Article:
passenger car in which the guards were quartered. Fedorenko was in
   this car. He was in the uniform I have described before and had a
   rifle. His mood was good. Fedorenko told me that he worked in the
   Treblinka death camp and had come here to get Jews. Fedorenko said
   nothing concrete about the Treblinka camp and about his work and I
   did not ask because I understood that the Germans exterminated
   people in this camp. He invited us into his car and we sat there
   for several minutes and then Fedorenko discovered that he had lost
   his wallet, with money in it and began to accuse me. I declared
   that I had not taken his wallet, and was offended and left. My
   companions also left with me. On the way back one of them told me
   that it was he who had picked up the wallet belonging to Fedorenko
   in the railroad car and showed me its contents. It contained three
   thousand zloty. I wondered where he could have obtained so much
   money and decided that Fedorenko had stolen it from the Jews
   because he could not have earned such a sum with honest work. In
   general Fedorenko was remarkable for being of an uncommunicative
   nature yet at the same time always out to make some profit and did
   not miss an opportunity to acquire something.

   I did not meet Fedorenko again after this incident, because I was
   sent from Trawniki to Lublin to work in the garage of the "SS"
   troops and the police. From there I fled to a Polish guerrilla

   After the end of the war I met Dorofeyev, Prokhorev and Stoletniy,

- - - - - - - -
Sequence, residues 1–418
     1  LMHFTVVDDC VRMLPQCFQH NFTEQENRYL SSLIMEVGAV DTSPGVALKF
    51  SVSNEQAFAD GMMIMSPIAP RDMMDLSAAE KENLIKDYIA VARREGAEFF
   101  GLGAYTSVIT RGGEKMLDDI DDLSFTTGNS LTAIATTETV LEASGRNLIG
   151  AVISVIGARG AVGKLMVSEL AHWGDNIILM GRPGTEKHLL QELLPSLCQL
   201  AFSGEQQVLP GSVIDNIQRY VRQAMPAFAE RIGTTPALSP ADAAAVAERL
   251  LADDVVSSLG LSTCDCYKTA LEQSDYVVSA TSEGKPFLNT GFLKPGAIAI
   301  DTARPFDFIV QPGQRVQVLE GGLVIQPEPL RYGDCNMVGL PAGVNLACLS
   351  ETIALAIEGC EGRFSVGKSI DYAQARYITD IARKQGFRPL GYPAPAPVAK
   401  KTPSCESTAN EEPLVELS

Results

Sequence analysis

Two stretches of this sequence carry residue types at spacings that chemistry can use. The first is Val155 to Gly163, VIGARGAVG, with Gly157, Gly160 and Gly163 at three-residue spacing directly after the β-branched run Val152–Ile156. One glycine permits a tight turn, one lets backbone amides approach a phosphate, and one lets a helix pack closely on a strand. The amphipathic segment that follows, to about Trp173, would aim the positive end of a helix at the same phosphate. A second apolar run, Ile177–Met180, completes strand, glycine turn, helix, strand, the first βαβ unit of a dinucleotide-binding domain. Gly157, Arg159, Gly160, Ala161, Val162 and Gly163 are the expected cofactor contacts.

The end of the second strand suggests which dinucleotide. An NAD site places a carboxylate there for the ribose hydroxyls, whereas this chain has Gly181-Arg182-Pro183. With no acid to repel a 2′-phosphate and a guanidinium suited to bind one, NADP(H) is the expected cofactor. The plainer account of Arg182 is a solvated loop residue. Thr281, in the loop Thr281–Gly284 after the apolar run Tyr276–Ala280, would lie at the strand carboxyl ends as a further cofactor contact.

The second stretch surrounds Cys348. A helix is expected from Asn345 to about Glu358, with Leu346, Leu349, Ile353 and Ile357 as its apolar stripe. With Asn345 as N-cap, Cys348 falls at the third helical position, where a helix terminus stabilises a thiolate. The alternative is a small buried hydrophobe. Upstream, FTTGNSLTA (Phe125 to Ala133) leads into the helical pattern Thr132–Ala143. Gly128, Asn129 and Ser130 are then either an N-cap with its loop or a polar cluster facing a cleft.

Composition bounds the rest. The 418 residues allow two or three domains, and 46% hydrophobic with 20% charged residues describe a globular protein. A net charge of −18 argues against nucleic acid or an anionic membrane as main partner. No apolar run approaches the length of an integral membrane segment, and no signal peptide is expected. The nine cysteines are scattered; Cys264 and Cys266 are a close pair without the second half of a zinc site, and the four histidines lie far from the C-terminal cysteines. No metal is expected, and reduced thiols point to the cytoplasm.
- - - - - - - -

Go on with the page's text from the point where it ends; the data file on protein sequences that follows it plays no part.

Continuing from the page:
but did not happen to meet Fedorenko. I heard from Stoletniy that
   Fedorenko now resides in the USA. I know nothing more of him.

   QUESTION: Describe the appearance of Fedorenko Fedor. Could you
   identify him on a photograph?

   ANSWER: So far as I remember, Fedorenko was tall, about 180-185cm.
   I remember this well, because I am 180cm tall, and he was slightly
   taller. As to age he must be a few years older than I am. In 1942
   he was 35-36 years old. Fedorenko's hair was dark brown, he has a
   large nose. I also remember that he had long hands. At the present
   moment I cannot say with certainty that I can identify Fedorenko on
   a photograph.

The interrogation was started at 10. a.m. and competed at 1 p.m.

The record has been read to me upon my request, the testimony is
written down correctly from my words, I have no additions and no
corrections to make.

First Deputy Procurator of the Crimean Region V.M. Kuptsov

The copy is true

Chief of the USSR Procuratorate's Office G.M. Shvydak

Home ·  Site Map ·  What's New? ·  Search Nizkor

© The Nizkor Project, 1991-2012

This site is intended for educational purposes to teach about the Holocaust and to combat hatred. Any statements or excerpts found on this site are for educational purposes only.

As part of these educational purposes, Nizkor may include on this website materials, such as excerpts from the writings of racists and antisemites. Far from approving these writings, Nizkor condemns them and provides them so that its readers can learn the nature and extent of hate and antisemitic discourse. Nizkor urges the readers of these pages to condemn racist and hate speech in all of its forms and manifestations.